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AG 3100

Key Features and Benefits


The AG 3100 is a 1U high, free-standing or rack-mountable Access Gateway that employs
three fast Ethernet ports to interface with the router (one for network side) and the aggregation
equipment (two for subscriber side) within the network. It also incorporates an RS232 serial
port for connecting to a Property Management System (PMS) and for system management and
administration, while maintaining one billing relationship with their chosen provider.
The AG 3100 enables a wide variety of network deployment options for different venue types.
For example:
z Allows for flexible WAN Connectivity (T1/E1, Cable, xDSL, and ISDN).
z Supports 802.11a/b/g and hybrid networks utilizing wired Ethernet.
z Supports key requirements needed to be compliant with the Wi-Fi ZONE™ program.
z Lets you segment your existing network into public and private sections using
VLANs, then leverage your existing network investment to create new revenue
streams.
z Enables you to provide Wi-Fi access as a billable service or as an amenity to augment
the main line of business for your venue.
z Contains an advanced XML interface for accepting and processing XML commands,
allowing the implementation of a variety of service plans and offerings.
z Offers three user-friendly ways of remote management—through a Web interface,
SNMP MIBs, and Telnet interfaces—allowing for scalable, large Public access
deployments.

Platform Reliability
The AG 3100 is designed as a network appliance, providing maximum uptime and reliability
unlike competitive offerings that use a server-based platform.

Local Content and Services


The AG 3100’s Portal Page intercepts the user’s browser settings and directs to a designated
Web site to securely sign up for service or log in if they have a pre-existing account.
z Allows the provider to present their customers with local services or have the user
sign up for service at zero expense.
z Offers both pre and post authentication redirects of the user’s browser, providing
maximum flexibility in service branding

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Transparent Connectivity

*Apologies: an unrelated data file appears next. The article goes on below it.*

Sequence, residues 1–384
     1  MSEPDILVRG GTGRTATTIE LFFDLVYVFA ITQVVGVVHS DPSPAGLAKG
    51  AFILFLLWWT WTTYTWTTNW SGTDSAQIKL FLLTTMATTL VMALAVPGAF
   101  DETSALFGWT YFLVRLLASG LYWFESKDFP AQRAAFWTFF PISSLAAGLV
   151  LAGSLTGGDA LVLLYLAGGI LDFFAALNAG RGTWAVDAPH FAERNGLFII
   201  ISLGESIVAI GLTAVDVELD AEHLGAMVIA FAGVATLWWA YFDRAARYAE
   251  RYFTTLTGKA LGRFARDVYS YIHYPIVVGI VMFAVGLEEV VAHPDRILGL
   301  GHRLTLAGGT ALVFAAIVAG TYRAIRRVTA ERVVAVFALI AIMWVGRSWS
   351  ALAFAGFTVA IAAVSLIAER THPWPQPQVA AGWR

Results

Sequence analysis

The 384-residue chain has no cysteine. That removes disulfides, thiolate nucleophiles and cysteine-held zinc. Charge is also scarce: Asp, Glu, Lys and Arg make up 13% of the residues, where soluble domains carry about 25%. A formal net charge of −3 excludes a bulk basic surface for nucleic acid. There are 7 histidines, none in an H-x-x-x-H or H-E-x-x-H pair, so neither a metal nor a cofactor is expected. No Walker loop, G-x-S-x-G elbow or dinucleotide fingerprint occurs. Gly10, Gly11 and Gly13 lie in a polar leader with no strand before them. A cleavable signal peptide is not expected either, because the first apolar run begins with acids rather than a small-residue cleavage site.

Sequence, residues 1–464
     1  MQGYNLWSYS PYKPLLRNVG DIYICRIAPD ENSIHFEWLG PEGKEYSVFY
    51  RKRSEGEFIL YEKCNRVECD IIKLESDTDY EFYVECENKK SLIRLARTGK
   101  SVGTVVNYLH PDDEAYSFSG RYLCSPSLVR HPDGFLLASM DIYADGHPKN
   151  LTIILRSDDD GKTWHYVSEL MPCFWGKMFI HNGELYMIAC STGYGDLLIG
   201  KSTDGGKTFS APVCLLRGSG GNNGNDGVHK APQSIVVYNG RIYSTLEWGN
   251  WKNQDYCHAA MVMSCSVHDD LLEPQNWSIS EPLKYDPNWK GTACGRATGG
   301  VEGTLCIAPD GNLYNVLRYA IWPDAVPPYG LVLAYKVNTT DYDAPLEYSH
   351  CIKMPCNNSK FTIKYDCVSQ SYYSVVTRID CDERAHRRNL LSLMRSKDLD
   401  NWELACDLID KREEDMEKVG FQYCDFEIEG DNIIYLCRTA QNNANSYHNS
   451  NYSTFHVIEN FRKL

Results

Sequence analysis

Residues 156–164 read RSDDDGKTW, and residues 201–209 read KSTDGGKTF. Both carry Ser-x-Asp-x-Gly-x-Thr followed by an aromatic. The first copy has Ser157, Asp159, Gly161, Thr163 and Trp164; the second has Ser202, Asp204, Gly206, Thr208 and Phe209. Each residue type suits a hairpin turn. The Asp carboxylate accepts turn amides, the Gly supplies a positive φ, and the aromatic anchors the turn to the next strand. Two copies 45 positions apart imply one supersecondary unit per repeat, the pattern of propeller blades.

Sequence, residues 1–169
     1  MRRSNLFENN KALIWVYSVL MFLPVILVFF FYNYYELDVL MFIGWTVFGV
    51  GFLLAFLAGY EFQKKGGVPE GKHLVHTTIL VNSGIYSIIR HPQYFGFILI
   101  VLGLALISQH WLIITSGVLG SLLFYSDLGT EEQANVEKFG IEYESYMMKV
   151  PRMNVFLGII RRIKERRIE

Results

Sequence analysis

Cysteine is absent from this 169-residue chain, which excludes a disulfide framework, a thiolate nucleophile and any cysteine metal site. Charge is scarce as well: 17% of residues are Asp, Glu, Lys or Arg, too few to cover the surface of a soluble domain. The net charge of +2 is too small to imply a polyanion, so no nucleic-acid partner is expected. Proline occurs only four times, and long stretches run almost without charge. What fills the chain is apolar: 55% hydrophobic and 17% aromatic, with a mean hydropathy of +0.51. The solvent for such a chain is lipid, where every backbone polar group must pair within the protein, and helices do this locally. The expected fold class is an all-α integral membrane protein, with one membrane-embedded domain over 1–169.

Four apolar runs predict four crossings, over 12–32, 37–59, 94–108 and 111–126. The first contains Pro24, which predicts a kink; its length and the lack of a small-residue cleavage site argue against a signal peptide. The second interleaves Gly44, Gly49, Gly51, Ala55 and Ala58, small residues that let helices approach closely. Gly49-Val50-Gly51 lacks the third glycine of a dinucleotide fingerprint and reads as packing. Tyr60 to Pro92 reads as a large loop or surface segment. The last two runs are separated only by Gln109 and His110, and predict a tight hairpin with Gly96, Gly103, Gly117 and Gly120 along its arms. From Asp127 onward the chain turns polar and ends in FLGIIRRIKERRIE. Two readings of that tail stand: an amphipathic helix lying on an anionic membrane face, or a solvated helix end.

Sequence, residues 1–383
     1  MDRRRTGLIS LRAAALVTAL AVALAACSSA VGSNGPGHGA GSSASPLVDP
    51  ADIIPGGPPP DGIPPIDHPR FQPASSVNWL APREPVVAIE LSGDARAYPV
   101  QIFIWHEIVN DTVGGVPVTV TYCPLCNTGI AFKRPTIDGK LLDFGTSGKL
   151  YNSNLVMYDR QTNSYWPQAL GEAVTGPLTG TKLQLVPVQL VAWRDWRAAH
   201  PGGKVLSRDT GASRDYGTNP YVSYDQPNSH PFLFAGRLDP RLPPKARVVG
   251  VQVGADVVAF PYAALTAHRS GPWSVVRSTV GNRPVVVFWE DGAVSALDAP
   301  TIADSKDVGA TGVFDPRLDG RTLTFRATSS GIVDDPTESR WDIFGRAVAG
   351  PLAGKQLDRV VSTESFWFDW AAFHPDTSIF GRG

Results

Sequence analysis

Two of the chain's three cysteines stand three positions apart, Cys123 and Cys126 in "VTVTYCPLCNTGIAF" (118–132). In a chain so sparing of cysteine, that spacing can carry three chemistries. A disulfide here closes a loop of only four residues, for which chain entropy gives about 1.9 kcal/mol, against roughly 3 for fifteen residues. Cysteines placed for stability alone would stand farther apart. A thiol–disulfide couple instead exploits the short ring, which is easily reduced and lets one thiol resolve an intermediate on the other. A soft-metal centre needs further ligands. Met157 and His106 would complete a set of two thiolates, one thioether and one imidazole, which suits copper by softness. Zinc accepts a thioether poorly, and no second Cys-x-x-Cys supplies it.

Resolving configuration conflicts is difficult and time consuming for network users who are
constantly on the move, and costly to the solution provider. In fact, most users are reluctant to
make changes to their computer’s network settings and won’t even bother. This fact alone has
prevented the widespread deployment of broadband network services.
Our patented Dynamic Address Translation™ (DAT) functionality offers a true “plug and
play” solution by enabling a seamless and transparent experience and the tools to acquire new
customers on-site.
DAT greatly reduces provisioning and technical support costs and enables providers to deliver
an easy to use, customer-friendly service.

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Billing Enablement
The AG 3100 supports billing plans using credit cards, scratch cards, monthly subscriptions, or
direct billing to a hotel’s Property Management System (PMS) and can base the billable event
on a number of different parameters such as time, volume, IP address type, or bandwidth.

Access Control and Authentication


The AG 3100 ensures that all traffic to the Internet is blocked until authentication has been
completed, creating an additional level of security in the network. The AG 3100 also allows
service providers to create their own unique “walled garden,” enabling users to access only
certain predetermined Web sites before they have been authenticated.
Nomadix simultaneously supports the secure browser-based Universal Access Method
(UAM), IEEE 802.1x, and Smart Clients for companies such as Adjungo Networks, Boingo
Wireless, GRIC and iPass. MAC-based authentication is also available.

Security
The patent-pending iNAT™ (Intelligent Network Address Translation) feature creates an
intelligent mapping of IP Addresses and their associated VPN tunnels—by far the most
reliable multi-session VPN passthrough to be tested against diverse VPN termination servers
from companies such as Cisco, Checkpoint, Nortel and Microsoft. Nomadix’ iNAT feature
allows multiple tunnels to be established to the same VPN server, creating a seamless